TAX ALERT |
Authored by RSM US LLP
The SBA recently released consolidated and revised guidance for entities and individuals wishing to obtain their first Paycheck Protection Program (PPP) loan. This guidance expands upon changes to the PPP program contained within the Consolidated Appropriations Act, 2021. Much of the guidance in the 82-page releases simply restates existing SBA interim final rules. However the guidance also contains important information for section 501(c)(6) entities and broadcast entities that are now able to obtain their first PPP loan. In addition, due to rule changes, certain farmers and ranchers may now be able to obtain a PPP loan. For borrowers looking for additional information on the second-draw program, see our alert here.
Updates to the program now allow new PPP borrowers to use their 2019 or 2020 average monthly payroll to determine the maximum loan amount. Unlike the second draw program, the maximum loan amount stays at $10 million. There is a cap of $20 million for the maximum amount that a single corporate group can receive. A single corporate group is defined as businesses that are majority owned, directly or indirectly, by a common parent.
Borrowers gaining access to the program include certain section 501(c)(6) organizations, housing cooperatives and destination marketing organizations. For these borrowers, the maximum number of employees is capped at 300 versus the 500 for all other initial PPP borrowers. More detail for these potential borrowers can be found here. Many news organizations may now be eligible for an initial PPP loan — those businesses or nonprofit broadcasting entities are assigned a NAICS code of 511110 or 5151. Under the program, the affiliation rules are waived for these entities and the employee maximum is set at no more than 500 employees per location.
The guidance also provides that the following businesses or organizations are ineligible for PPP funding:
- A businesses or organization that was not in operation on Feb. 15, 2020;
- A businesses or organization that received or will receive a grant under the Shuttered Venue Operator Grant program under section 324 of the Economic Aid Act;
- A businesses or organization in which the President, the Vice President, the head of an Executive Department, or a Member of Congress, or the spouse of such person as determined under applicable common law, directly or indirectly holds a controlling interest;
- A business that is an issuer, the securities of which are listed on an exchange registered as a national securities exchange under section 6 of the Securities Exchange Act of 1934; or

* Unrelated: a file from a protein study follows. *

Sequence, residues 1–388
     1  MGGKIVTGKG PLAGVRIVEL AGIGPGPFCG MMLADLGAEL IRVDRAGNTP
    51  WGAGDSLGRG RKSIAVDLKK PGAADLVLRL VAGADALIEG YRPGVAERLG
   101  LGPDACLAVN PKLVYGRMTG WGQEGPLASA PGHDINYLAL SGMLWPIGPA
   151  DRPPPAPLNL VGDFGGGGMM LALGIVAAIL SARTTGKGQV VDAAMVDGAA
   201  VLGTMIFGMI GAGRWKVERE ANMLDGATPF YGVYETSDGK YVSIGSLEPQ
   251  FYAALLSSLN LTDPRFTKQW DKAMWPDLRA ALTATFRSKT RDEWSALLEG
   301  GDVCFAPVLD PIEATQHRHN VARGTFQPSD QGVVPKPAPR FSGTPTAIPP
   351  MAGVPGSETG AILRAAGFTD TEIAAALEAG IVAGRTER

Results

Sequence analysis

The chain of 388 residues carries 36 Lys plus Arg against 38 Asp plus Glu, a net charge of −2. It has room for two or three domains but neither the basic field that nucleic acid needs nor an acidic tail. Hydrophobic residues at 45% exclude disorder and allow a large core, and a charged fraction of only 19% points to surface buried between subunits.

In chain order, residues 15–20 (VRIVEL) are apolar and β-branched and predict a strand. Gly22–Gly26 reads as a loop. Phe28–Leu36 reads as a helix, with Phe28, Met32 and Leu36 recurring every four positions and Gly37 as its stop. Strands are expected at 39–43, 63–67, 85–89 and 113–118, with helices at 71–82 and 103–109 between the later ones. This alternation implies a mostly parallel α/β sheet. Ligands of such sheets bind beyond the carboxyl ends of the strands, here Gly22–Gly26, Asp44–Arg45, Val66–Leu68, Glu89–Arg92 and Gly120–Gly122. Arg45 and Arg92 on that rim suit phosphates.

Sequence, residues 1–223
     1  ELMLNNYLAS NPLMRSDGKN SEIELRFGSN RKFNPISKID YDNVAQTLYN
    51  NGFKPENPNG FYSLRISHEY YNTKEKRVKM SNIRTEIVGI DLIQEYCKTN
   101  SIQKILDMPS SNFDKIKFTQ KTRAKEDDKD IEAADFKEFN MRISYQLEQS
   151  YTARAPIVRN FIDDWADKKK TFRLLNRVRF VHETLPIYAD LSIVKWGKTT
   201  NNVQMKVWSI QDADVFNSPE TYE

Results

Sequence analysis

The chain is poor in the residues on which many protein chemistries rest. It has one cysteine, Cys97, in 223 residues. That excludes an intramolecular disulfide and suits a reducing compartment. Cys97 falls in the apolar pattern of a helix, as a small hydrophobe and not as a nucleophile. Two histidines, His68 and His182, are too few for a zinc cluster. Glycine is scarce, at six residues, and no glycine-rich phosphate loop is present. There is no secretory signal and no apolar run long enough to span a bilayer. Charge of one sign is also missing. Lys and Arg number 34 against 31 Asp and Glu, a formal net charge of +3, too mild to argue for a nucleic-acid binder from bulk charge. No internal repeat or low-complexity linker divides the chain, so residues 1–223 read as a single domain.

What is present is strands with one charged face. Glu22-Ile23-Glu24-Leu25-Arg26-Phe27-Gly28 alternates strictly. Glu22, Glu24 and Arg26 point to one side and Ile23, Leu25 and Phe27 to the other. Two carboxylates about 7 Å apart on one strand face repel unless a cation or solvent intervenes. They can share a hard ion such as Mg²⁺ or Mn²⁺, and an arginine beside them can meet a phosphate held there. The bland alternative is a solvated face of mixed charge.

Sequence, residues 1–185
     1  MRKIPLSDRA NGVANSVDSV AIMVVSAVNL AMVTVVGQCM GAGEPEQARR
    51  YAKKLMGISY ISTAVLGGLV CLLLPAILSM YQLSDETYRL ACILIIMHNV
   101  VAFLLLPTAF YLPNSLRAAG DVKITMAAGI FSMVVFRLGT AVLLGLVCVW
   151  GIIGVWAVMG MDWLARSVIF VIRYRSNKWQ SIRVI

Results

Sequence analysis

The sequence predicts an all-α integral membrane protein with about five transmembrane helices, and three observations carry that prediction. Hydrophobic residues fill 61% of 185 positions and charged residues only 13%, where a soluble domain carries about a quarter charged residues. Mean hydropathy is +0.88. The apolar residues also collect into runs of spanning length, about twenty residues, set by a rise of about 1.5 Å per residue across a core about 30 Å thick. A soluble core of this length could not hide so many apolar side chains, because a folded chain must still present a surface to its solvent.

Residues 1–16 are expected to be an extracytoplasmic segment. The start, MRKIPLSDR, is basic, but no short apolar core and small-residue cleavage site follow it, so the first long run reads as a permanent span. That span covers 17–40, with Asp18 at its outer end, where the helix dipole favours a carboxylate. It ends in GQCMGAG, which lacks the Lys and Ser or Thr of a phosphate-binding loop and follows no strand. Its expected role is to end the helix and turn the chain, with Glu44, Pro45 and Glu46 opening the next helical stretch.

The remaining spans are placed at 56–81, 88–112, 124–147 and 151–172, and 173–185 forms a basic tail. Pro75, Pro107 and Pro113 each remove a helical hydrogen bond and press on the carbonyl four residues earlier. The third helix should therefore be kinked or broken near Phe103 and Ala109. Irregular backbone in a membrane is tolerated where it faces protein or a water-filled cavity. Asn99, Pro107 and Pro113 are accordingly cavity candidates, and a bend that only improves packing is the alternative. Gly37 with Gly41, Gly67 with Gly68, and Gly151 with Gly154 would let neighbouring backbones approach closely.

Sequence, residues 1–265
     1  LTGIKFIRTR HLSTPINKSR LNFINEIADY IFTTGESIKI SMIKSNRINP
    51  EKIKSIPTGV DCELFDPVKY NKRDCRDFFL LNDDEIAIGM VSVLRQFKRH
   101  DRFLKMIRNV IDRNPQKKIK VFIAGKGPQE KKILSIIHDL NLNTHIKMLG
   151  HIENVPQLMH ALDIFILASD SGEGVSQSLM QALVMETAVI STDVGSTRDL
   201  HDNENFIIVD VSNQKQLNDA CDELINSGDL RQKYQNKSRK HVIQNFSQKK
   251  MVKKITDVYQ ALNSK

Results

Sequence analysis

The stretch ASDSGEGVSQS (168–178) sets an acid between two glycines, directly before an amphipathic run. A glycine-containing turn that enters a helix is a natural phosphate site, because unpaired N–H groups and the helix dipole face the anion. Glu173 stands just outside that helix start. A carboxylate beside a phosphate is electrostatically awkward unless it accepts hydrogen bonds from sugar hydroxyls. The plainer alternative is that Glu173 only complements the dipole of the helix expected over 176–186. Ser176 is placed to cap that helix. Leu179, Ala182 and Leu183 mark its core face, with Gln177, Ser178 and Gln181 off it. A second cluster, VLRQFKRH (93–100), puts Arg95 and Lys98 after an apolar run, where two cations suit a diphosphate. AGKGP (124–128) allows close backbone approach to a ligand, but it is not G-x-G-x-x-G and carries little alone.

- A business or organization that is permanently closed.
- A business or organization that has taken out a PPP loan before Dec. 27, 2020 is eligible for a grant under the Shuttered Venue Operator Grant program, provided it is otherwise eligible for the program.
To calculate the maximum loan size, many businesses will use rules similar to the previously published guidance on how to compute payroll costs. However, farmers and ranchers can calculate their maximum loan amount by using the gross income line from the 2019 or 2020 Form 1040 Schedule F line 9 if there are no employees, limiting such amount to $100,000, divide the amount by 12 and then multiply by 2.5. If a rancher or farmer wishes to refinance an Economic Injury Disaster Loan, it should add the outstanding amount to the previously computed total. If there are employees, the rules provide instructions for how a farmer or rancher should compute the maximum loan amount.
A farmer or rancher that already received a PPP loan and would have been entitled to additional amounts under this formula can request an increase in their existing PPP loan. Other borrowers that are eligible for an increase in their loan, such as those entitled to an increase under revised guidance, a borrower that returned all or a part of a PPP loan, or a borrower that did not accept the full amount of the original PPP loan, can request an increase in their existing PPP loan.
New PPP borrowers will have to make the certification “that the uncertainty of current economic conditions makes necessary the loan request to support the ongoing operations”, but borrowers (including affiliates) that received loans of less than $2 million will be deemed to have made this certification in good faith.
This article was written by Mathew Talcoff, Justin Stallard, Ryan Corcoran , Debbie Singer and originally appeared on 2021-01-07.
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